Also, i don't believe a country which would allow legally producing (not posessing) heroin exists, however i may be wrong there.

Portugal has decriminalised ALL drugs.

http://www.time.com/time/health/article/0,8599,1893946,00.html

Age of consent around the world.

http://www.avert.org/age-of-consent.htm


I fear this ban will open up a can of worms in that governments make arbitrary laws all the time and you cant possibly know all of them . All the banks have to do now is lobby a few politicians and bitcoin itself will be illegal.
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February 20, 2011, 02:00:10 AM
 #92


the article says:

Quote
for personal possession of drugs, including marijuana, cocaine, heroin and methamphetamine.

So it seems that PRODUCTION of heroin may be illegal. Production != posession. They can still jail you for producing large amounts.


Age of consent around the world.

http://www.avert.org/age-of-consent.htm


So I was right: there is no country in the world that would allow sex with (< 10 years) underaged children.

All the banks have to do now is lobby a few politicians and bitcoin itself will be illegal.

Which won't help a lot as i already pointed out. Most governments in the world are either too corrupt or simply powerless to stop people from using P2P, so how can they stop them from using Bitcoin ? Death penalty ? That won't pass.

And by the way, the governments work too slow to ban Bitcoin before it reaches critical mass. Unless of course they have another argument like "Bitcoin was created for evil", which is the whole point of banning  stuff on this forum.

Personally i believe that Bitcoin will gain critical mass in maximum 2 years, after which it will be virtually unstoppable (unless of course some serious technical weakness comes up). Global domination in progress.

Anonymous
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February 20, 2011, 02:25:43 AM
 #93

My suggestion - split the marketplace from the development discussion and host it on a different forum altogether.
It has been suggested before that the official forum be for discussion of the code only and everything else separated . Maybe now is a good time to do that de-linking before bitcoin goes mainstream.

Then people can agree to the new rules when they sign up rather than have it imposed on them.  Then lock the marketplace from the official forum and start anew where everyone can agree to the groundrules and terms of service voluntarily - let the market decide imo. I have no doubt a forum behind tor will spring up for anyone who really wants to engage in activity governments dont like . In fact I urge someone to do that right now as a business model   Cheesy

This might need moderators who have a set of guidelines to follow on what is allowed and what is not.

It is already too late to start deleting content and censoring it. Thats not how we roll as a community and its not fair to impose rules on new users when old ones have had free reign .  I have no problem with joining something as long as the rules are made clear upon signup .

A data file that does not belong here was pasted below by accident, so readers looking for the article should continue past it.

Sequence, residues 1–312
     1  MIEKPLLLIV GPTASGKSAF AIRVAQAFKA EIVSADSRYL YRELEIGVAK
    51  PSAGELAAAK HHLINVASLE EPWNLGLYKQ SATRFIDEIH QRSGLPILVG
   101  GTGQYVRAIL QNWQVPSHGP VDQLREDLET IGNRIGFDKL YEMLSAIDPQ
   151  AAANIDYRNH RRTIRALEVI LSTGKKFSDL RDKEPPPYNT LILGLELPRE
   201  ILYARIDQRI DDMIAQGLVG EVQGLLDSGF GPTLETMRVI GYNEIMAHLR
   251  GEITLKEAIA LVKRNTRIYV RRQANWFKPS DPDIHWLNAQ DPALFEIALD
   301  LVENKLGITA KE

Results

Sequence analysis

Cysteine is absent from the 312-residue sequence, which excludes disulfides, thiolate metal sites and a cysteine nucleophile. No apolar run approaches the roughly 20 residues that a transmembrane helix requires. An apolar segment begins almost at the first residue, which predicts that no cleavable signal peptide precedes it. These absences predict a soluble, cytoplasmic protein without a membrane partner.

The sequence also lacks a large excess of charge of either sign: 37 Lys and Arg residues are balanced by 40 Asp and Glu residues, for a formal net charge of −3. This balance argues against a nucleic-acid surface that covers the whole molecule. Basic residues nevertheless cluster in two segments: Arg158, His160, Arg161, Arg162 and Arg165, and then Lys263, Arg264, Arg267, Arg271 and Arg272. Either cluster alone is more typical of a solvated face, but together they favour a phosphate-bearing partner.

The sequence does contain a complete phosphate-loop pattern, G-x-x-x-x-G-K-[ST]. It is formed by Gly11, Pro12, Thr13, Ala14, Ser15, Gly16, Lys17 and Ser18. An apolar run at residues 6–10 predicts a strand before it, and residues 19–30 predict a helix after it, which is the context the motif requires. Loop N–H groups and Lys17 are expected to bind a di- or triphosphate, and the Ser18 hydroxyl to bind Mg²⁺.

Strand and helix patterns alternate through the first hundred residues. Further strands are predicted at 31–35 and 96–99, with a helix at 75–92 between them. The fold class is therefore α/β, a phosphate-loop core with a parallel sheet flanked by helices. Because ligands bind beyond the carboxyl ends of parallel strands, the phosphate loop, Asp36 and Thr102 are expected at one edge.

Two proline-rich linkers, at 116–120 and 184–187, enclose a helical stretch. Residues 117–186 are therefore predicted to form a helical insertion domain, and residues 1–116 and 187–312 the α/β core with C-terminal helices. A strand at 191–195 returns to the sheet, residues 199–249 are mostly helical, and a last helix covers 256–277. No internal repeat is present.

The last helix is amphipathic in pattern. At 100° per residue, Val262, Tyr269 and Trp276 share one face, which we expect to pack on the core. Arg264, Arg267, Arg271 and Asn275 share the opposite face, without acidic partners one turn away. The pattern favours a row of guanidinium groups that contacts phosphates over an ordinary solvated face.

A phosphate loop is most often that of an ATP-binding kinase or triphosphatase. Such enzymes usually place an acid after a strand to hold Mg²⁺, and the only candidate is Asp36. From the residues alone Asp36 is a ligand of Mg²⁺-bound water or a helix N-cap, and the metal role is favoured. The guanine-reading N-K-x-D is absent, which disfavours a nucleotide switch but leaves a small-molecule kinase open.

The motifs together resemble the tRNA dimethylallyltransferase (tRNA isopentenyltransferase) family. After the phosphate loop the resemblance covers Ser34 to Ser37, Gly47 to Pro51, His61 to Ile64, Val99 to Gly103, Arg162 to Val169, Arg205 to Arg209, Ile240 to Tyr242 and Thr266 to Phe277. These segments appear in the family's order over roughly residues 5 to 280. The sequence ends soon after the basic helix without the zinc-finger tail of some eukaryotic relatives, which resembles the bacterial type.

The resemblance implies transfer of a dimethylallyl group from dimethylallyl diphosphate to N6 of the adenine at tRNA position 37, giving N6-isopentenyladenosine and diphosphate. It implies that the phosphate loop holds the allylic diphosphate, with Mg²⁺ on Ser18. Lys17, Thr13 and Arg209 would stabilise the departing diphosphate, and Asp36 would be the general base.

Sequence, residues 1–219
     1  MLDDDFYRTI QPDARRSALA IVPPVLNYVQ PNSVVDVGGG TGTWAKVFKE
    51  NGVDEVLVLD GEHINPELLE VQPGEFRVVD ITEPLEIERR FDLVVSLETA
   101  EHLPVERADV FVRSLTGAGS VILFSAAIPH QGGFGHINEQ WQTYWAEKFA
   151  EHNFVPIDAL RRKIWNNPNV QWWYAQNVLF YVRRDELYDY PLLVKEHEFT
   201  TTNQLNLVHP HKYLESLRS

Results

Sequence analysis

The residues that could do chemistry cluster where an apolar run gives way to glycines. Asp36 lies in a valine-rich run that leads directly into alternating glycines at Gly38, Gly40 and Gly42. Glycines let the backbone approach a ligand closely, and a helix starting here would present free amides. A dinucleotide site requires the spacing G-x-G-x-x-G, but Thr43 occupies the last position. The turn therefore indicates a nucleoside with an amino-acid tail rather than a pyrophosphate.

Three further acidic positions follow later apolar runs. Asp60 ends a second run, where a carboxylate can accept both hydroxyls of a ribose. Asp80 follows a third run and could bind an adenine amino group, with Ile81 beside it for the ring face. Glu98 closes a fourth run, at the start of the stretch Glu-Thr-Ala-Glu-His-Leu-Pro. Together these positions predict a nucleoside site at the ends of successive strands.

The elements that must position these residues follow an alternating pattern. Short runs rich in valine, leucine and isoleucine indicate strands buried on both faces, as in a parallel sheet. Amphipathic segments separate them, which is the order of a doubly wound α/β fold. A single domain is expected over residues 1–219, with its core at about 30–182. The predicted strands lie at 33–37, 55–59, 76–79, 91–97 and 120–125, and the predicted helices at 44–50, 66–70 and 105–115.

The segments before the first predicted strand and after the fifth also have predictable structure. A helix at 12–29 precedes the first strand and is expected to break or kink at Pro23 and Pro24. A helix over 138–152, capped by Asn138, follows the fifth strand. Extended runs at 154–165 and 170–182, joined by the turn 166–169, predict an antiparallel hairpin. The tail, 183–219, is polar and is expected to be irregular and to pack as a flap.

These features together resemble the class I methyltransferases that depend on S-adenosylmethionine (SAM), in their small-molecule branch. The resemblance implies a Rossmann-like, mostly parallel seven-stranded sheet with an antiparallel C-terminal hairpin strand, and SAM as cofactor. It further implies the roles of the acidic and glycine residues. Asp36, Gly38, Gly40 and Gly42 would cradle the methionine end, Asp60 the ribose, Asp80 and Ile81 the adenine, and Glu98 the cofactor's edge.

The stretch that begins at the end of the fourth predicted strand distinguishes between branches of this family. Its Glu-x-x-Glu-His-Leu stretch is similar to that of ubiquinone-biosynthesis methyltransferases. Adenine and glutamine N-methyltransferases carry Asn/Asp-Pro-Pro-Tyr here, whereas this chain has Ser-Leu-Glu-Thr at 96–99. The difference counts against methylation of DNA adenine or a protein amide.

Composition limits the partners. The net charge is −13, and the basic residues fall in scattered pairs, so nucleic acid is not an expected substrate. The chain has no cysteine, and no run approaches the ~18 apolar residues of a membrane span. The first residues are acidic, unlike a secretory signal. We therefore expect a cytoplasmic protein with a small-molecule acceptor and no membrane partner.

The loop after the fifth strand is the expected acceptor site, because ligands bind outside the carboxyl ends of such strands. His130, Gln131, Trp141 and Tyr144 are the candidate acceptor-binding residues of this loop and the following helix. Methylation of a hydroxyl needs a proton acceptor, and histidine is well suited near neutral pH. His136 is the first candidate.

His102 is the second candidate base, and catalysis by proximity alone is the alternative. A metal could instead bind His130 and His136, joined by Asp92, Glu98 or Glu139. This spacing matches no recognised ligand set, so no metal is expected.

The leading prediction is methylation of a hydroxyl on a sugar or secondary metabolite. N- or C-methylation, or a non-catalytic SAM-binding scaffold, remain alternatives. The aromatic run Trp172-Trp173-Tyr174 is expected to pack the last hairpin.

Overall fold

Let the developers concentrate on the code not on censorship .  As the owner of the bitcoin.me domain I offer that as a place for the new marketplace forum.

On the plus side a forum dedicated to trading can be more organised than what it is now with a built in web of trust ,ratings (karma) and other features. Does anyone think this is a good idea and would you be willing to contribute to get it done ?



kiba
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February 20, 2011, 02:39:42 AM
 #94

My suggestion - split the marketplace from the development discussion and host it on a different forum altogether.
It has been suggested before that the official forum be for discussion of the code only and everything else separated . Maybe now is a good time to do that de-linking before bitcoin goes mainstream.

Quote
Let the developers concentrate on the code not on censorship .  As the owner of the bitcoin.me domain I offer that as a place for the new marketplace forum.

On the plus side a forum dedicated to trading can be more organised than what it is now with a built in web of trust ,ratings (karma) and other features. Does anyone think this is a good idea and would you be willing to contribute to get it done ?

I don't want to delink the marketplace from the community. In fact, I think it's the central point of the community. I mean, what kind of a cryptocurrency community would we be if we have no official market to trade in?

That being said, I think the trend is toward a decentralized forum community. The wiki editing is already decentralized in any case.

eMansipater
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February 20, 2011, 04:52:05 PM
 #95


emansipater seems pretty big on telling others what to do ... emancipation only flows one way eh?
I enjoy a good ribbing, especially one that puns on my nick Wink so no worries moa.  But since I'm still relatively new to the bitcoin community, I thought I'd take the chance to comment anyways.

As a person who runs my own 3D printing business, has been involved in several tech startups, helped to start a national political party, and has run for public office with a modicum of success, I've spent a lot of time trying to promote cutting edge ideas among the general public.  The potential for bitcoin to be applied in creating a microtransaction economy, provide unprecedented access to financial security and services in the developing world, and increase the competitive pressure on financial services powerbrokers everywhere makes me pretty passionate about it.  But my experience has taught me that there are two types of communities:  one that remains fundamentally detached from an understanding of the world beyond its subculture, and one that retains and leverages a broader perspective to become truly successful on a meaningful scale.